A recent dinner conversation gradually led to a discussion about community-wide learning curves in tango.
One of the observations made was that, during the informative years, some communities were simply more fortunate in having good instructors early on. Playing devil’s advocate, I then suggested that perhaps it was not such a bad idea for a community to have gone through the full spectrum of experiencing the “mediocre” as well as the good/excellent instructors!? My rationale was that for the people who managed to discover the appropriate ways of dancing, given their experiences, hopefully they can better relate to the problems that newbies typically face. Naturally this is especially useful if the same experienced dancers end up being local teachers.
We then heard about how an Argentinian instructor, while dancing in North America, remarked that it was difficult to find a good dancer among the “pioneers” (for the North American tango scene). And, as it turns out, It seems that this phenomena is not restricted to North America but is commonly found in Europe as well. It is not unusual to find so-called pioneers as the mediocre (or worse) dancers in the communities (> 10-15 years in age) they helped to kickstart. Oftentimes, people who have started much later, with the benefit of hindsight and better choice of overseas instructors, improve much faster and end up as much better dancers and instructors.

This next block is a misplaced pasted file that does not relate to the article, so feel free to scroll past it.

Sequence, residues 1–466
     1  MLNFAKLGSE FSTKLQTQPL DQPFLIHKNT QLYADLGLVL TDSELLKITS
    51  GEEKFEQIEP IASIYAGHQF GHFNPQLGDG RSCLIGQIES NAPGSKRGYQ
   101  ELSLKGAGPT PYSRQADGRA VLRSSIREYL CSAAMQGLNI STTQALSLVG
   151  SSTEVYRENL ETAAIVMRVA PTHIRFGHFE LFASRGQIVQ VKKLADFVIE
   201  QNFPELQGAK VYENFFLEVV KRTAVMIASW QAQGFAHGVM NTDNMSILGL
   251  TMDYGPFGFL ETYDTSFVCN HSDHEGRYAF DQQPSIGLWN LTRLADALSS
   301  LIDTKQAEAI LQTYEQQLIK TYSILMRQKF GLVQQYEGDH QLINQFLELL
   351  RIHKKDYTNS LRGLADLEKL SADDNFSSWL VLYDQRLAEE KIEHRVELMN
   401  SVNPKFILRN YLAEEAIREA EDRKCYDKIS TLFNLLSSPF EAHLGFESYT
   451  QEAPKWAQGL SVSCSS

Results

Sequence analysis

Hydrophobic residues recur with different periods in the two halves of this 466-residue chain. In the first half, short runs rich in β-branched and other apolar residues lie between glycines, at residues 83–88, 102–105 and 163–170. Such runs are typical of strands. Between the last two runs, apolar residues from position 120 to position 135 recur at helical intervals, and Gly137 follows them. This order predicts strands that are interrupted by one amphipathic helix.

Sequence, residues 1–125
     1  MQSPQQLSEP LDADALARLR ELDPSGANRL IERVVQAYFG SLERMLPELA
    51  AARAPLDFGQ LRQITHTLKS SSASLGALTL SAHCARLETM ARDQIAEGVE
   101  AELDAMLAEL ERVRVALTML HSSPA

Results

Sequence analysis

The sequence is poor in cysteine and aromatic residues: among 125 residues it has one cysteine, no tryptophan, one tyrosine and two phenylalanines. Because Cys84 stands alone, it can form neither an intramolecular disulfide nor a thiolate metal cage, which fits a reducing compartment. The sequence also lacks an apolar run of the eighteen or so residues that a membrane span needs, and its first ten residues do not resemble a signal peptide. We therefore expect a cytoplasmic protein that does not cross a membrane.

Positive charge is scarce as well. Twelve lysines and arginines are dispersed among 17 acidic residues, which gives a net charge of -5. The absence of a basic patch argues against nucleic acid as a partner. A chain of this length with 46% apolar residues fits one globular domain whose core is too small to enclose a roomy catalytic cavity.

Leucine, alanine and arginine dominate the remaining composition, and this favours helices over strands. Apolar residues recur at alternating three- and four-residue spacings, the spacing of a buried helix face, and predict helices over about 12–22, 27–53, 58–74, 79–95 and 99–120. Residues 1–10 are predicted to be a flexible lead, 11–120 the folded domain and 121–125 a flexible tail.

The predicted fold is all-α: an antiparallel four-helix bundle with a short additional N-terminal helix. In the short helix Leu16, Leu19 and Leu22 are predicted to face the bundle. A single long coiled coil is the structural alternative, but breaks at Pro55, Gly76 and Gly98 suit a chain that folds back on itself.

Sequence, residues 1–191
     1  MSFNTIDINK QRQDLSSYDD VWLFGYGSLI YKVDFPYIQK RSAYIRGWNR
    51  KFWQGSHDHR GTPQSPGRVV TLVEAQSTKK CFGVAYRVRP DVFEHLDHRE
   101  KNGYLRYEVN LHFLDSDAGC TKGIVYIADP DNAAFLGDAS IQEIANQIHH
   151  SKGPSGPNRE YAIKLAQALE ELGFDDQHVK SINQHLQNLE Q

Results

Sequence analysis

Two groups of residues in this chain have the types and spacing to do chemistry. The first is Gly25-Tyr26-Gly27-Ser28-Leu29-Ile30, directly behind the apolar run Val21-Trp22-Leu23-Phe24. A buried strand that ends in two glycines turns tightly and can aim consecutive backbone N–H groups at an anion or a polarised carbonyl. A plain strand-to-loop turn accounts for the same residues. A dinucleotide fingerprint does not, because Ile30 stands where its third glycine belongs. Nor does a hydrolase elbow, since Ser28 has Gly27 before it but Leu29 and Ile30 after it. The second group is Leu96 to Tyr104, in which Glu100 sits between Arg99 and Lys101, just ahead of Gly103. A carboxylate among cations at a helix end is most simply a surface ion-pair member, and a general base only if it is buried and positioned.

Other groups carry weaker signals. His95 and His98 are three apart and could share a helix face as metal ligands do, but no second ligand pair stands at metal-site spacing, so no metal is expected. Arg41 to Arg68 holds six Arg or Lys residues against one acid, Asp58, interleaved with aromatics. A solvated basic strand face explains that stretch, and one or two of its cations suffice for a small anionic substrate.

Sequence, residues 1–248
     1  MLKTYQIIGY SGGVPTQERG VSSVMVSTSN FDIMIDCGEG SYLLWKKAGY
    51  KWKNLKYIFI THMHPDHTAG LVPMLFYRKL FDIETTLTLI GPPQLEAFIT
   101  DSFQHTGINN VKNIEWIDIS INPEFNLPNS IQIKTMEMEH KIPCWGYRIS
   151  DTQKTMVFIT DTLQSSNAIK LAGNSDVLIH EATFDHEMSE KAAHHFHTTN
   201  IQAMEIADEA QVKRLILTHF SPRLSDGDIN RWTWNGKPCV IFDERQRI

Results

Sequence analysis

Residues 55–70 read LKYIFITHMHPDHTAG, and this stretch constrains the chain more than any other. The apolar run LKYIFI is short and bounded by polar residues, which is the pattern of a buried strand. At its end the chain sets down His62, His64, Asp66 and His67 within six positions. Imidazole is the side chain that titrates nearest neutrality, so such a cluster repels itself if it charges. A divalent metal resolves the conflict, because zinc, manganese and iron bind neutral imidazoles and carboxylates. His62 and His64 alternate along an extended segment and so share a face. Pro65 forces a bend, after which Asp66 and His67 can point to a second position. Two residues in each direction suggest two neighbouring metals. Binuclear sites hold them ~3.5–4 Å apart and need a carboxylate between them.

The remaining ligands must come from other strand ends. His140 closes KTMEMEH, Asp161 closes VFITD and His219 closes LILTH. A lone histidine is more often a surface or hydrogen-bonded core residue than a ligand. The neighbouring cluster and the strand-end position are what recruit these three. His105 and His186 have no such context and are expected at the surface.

Strange to see this?
This is perhaps not so difficult to understand if we recall that the earliest group instructors out of Buenos Aires during the tango revival in the 1980’s were predominantly stage dancers. They typically taught material more suitable for stage than social dance floor. Some of the early pioneers, for their lack of knowledge and exposure, learnt what they could to the best of their abilities. However, things changed rapidly with a greater influx of instructors from Buenos Aires, increased opportunities to travel to Buenos Aires and of course advent of internet. The main benefactors of this progress is – you guessed it – the late-comers to the tango scene.
Nevertheless, there are obviously some exceptions to the rule. After all, there is a decent number of pioneers in some of the older communities who, apart from being well-respected organisers, are decent dancers/instructors. However, this invariably happens only if these pioneers remain humble and continue to improve and reinvent themselves. The ones who are too proud or too set in their own ways must eventually be overtaken and relegated to a minor role in the community.
Is this true of your community too?